After several years away from stands following 2010’s “Robots of Doom,” Vertigo Comics is bringing Tom Strong back to the fore with “Tom Strong and the Planet of Peril.” The six-issue miniseries, written by Peter Hogan and featuring art by Chris Sprouse and Karl Story, blasts into comic shops July 31.
Originally created by writer Alan Moore for his America’s Best Comics imprint at Wildstorm, “Tom Strong” debuted in 1999 and featured the titular hero in a post-modern superhero series that jammed period-tales of sea-faring pirates next to retro-futurist romps on the dark side of the moon. The character, referred to as a science-hero, was raised in an experimental high-gravity chamber, endured intensive schooling and has prolonged his life and improved his vitality through the ingestion of a fictional West Indian root.
With “Tom Strong and the Planet of Peril,” series veterans Hogan, Sprouse and Story send Tom Strong on a quest and return the hero to Terra Obscura, an alternate Earth on the far side of the universe populated by a team of science heroes Moore and Hogan resurrected from the ashes of the nearly forgotten 1940s imprint, Nedor Comics. Tom Strong finds himself is in a tough spot: he’s powerless, and the lives of his daughter and her unborn child are threatened. Tom Strong and his son-in-law Val Var Garm have set out to find something that just might save Tesla from certain death.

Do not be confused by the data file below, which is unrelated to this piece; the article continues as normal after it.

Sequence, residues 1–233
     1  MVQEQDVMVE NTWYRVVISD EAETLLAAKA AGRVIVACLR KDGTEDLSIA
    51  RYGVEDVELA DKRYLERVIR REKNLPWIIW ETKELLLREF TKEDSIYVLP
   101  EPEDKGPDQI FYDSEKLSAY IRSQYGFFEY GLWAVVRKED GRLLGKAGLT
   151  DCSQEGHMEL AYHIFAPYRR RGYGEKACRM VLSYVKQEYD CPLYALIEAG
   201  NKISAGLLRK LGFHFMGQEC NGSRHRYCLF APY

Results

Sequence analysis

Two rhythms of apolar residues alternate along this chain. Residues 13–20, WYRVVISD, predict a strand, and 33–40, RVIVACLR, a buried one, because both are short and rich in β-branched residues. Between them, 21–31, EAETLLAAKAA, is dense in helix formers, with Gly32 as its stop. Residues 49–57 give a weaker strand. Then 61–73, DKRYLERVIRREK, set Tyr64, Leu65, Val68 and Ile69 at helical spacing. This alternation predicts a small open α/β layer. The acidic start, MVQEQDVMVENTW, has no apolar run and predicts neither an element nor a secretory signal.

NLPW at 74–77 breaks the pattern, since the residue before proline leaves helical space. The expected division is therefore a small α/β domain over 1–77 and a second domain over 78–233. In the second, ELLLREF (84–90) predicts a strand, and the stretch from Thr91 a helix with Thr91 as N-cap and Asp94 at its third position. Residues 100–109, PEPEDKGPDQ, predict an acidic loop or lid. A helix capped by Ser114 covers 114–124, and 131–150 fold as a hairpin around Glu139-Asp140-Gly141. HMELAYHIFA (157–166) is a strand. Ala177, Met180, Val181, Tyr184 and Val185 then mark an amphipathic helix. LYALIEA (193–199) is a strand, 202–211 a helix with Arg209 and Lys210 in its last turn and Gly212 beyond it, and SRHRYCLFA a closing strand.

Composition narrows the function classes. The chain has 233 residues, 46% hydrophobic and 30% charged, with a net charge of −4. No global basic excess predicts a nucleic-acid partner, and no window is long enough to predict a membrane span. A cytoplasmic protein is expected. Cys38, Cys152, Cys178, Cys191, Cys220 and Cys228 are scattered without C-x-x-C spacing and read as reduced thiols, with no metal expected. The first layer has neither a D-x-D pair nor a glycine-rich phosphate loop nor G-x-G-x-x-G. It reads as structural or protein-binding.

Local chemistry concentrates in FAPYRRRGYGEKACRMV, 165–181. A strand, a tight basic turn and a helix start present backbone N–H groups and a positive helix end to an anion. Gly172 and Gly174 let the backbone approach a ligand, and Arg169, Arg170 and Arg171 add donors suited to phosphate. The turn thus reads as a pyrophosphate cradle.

Comic Book Resources spoke with Peter Hogan about the new miniseries, Silver Age heroes and the looming specter of death.
CBR News: First off, what can you tell us about the story you’ve set out to tell in “Tom Strong and the Planet of Peril?”
Peter Hogan: It’s an odd one. Partly because it involves Tom going to Terra Obscura, so the whole story’s kind of a team-up with those characters. Also, something terrible has happened on that world, so Tom’s headed into some very dark territory indeed — though I can promise that we do come back out into the light again before story’s end.
You wrote a couple of “Tom Strong” stories back in the early 2000s. What has the experience of stepping back into the world of “Tom Strong,” bringing Tom back, and likely introducing the character to new readers, been like?
I wrote three issues of the original run, plus the Tesla Strong special [“The Many Worlds of Tesla Strong,”] and then the “Tom Strong & The Robots Of Doom” miniseries in 2010. So yes, it’s been a couple of years off the stands, but I’m sure old readers will welcome him back with open arms. New readers can always discover him through the trades, and I’d say they’re in for a treat.
Since you’ve revisited the Tom Strong character multiple times, what about him keeps drawing you back? What do you find compelling about the character and his world?
I honestly think he’s one of the best heroic characters we’ve got. There’s a real nobility there — Tom always tries to do the right thing, even at personal cost. He’s able to grow, to admit that he’s wrong. He has all the best aspects of the Silver Age version of Superman, but revised for today’s readership.
Chris Sprouse and Karl Story are returning to handle the pencils and inks, lending some continuity to the aesthetic of the book. What are they bringing to the book? Have you fallen easily back into a “Tom Strong” rhythm?
Oh, sure. I think we all trust each other to bring our best game to this.